Public safety complex back on commissioners’ agenda
Commissioners are set to rehash the idea of a new public safety complex in Beaufort County at Monday’s meeting.
The Beaufort County Board of Commissioners will meet at the county Administrative Offices at 5:30 p.m. The meeting is open to the public.
One agenda item up for discussion is a proposal to put a public safety complex referendum on the November 2020 election ballot. Board Vice Chairman Jerry Langley will initiate discussion.
The last plan for a new public safety facility, which included a new sheriff’s office and detention center, was quashed during the first Board meeting after the 2014 election, when the vote to “stop the jail” was the first order of business for commissioners Hood Richardson, Gary Brinn and then-newcomers Ron Buzzeo and Frankie Waters. Prior to that meeting, plans had been drawn, a location had been picked at the Chocowinity Industrial Park and the county had dedicated approximately $2 million to the planning phase of the project.
During the lead-up to the vote that brought the project to a halt, those in opposition to building a $22-million facility encouraged commissioners to get the consent of the voters through a public referendum.
Commissioners also will discuss a project proposed for the Cooperage Tract in Belhaven — a 40-plus-acre tract of land donated to the county in 2016. The property is located at the intersection of West Main Street and N.C. Highway 99 South.
“There has been some interest expressed by a local developer to do an RV park with marina, cabin rentals, and docks/dockage,” said Brian Alligood, Beaufort County manager.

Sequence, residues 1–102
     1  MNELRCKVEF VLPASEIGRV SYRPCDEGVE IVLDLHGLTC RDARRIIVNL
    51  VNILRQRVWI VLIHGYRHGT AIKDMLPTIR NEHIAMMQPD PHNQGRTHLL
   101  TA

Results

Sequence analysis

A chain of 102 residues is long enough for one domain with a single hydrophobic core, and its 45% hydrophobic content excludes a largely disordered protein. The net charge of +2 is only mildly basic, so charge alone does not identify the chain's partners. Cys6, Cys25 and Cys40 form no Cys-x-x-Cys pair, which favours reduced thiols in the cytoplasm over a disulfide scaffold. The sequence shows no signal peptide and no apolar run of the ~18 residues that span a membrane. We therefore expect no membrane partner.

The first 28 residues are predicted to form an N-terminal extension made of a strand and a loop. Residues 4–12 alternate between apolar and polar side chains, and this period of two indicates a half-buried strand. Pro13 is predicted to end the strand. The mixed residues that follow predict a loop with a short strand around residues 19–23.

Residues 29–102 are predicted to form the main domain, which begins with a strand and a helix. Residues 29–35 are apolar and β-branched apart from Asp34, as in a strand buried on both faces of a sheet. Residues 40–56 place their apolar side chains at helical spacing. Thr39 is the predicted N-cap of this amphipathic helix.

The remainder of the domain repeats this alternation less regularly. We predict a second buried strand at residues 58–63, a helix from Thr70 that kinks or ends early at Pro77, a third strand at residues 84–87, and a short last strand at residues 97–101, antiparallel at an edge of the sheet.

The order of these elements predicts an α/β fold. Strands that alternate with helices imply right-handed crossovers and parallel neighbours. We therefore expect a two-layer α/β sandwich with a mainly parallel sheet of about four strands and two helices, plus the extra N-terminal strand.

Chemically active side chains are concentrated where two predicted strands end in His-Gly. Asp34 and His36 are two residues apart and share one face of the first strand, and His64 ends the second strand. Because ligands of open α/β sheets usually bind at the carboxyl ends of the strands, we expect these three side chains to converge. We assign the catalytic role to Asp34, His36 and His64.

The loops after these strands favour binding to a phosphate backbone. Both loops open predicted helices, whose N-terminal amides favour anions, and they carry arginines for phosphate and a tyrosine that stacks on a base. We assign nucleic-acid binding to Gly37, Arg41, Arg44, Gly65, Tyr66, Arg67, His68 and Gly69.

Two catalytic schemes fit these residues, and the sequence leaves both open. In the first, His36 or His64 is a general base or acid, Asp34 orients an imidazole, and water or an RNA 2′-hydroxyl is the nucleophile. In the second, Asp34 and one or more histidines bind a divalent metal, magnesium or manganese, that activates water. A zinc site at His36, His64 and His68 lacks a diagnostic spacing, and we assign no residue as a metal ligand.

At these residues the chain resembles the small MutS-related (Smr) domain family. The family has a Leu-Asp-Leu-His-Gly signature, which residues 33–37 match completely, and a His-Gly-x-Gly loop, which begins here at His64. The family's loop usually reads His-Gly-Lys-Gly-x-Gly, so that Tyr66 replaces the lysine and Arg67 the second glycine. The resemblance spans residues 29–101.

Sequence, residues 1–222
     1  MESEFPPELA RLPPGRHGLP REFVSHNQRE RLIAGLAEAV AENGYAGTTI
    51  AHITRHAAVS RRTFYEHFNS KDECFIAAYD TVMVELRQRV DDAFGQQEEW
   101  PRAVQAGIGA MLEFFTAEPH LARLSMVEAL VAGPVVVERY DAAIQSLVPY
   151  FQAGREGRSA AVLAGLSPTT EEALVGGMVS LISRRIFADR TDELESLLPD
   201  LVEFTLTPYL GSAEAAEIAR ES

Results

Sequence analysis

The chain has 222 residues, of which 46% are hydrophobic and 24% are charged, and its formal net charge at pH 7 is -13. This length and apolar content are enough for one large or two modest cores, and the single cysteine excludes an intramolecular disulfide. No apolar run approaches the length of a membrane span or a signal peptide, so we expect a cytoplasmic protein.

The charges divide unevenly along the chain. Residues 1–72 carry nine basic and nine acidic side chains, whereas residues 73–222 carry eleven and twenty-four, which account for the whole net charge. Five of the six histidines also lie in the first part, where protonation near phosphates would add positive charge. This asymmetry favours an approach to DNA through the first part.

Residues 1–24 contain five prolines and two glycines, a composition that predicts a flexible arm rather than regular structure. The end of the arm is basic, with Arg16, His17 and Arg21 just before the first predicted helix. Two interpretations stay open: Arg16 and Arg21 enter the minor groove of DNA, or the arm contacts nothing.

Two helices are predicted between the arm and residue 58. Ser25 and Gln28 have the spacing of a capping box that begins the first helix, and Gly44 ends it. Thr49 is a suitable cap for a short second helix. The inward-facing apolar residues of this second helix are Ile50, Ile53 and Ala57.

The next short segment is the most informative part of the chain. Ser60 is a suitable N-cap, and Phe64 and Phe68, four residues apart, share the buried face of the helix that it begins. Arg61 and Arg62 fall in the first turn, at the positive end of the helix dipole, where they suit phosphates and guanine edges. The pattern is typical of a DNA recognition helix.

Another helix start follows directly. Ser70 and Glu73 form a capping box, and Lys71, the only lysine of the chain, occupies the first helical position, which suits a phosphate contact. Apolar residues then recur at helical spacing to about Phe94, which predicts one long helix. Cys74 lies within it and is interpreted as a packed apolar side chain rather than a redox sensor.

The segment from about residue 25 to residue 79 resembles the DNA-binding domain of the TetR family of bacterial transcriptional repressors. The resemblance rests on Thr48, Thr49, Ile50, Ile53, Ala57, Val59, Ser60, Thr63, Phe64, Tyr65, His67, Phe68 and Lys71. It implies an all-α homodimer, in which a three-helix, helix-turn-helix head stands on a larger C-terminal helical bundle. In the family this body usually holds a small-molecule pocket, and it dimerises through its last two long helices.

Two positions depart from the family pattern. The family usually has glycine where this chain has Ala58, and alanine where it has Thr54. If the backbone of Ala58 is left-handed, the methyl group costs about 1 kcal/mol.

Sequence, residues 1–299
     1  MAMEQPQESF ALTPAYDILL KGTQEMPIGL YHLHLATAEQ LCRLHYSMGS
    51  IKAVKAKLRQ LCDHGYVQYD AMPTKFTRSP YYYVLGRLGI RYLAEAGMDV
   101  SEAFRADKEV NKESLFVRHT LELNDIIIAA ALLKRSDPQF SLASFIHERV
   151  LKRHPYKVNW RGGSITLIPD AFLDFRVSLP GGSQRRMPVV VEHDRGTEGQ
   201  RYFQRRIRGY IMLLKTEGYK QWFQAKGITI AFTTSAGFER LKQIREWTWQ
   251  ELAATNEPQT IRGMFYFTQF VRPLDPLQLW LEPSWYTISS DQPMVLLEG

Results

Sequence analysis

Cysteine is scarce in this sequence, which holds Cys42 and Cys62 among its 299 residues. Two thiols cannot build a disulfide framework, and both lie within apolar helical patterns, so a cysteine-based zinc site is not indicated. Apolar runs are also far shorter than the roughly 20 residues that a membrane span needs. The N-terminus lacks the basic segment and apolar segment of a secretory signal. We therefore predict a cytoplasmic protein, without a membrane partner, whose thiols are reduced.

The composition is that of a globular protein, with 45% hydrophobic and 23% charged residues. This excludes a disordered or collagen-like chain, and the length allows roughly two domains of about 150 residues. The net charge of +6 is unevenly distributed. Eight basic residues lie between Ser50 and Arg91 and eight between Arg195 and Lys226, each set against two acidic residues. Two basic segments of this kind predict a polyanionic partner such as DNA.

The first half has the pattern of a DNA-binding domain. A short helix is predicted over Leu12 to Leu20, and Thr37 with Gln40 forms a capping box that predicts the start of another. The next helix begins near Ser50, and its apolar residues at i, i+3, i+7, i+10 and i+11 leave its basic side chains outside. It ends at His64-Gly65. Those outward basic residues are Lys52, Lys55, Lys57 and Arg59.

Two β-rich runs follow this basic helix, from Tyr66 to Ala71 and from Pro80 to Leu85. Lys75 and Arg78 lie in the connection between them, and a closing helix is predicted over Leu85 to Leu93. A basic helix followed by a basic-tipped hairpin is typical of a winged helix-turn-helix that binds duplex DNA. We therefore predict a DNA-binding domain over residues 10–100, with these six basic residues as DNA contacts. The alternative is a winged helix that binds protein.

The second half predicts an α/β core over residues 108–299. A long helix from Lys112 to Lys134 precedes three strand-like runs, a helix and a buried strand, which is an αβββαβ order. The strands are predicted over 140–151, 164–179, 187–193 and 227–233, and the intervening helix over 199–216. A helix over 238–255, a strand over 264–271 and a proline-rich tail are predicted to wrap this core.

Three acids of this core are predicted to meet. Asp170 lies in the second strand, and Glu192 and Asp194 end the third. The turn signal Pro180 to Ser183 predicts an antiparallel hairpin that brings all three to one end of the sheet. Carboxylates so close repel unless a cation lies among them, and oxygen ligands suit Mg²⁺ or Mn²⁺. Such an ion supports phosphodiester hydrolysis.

The proposal also includes plans to dredge some parts of the land, landscape and build bulkheads. Previously, a plan to partner with the N.C. Wildlife Resources Commission on a larger boat ramp and expanded parking on the tract was opposed by the Belhaven Board of Aldermen.
Commissioner Hood Richardson has added an item for discussion regarding medical and operations costs of the jail. An inmate in Beaufort County’s custody recently had an “acute medical event,” according to Alligood, resulting in medical costs now exceeding $600,000. By state law, counties are required to absorb the medical costs of those in their custody, but a “stop-loss” insurance policy recently obtained by the county will offset cost of the latest bill, Alligood said. He said the District Attorney’s Office is working with the county to expedite sentencing for the inmate and transfer him into the state system.
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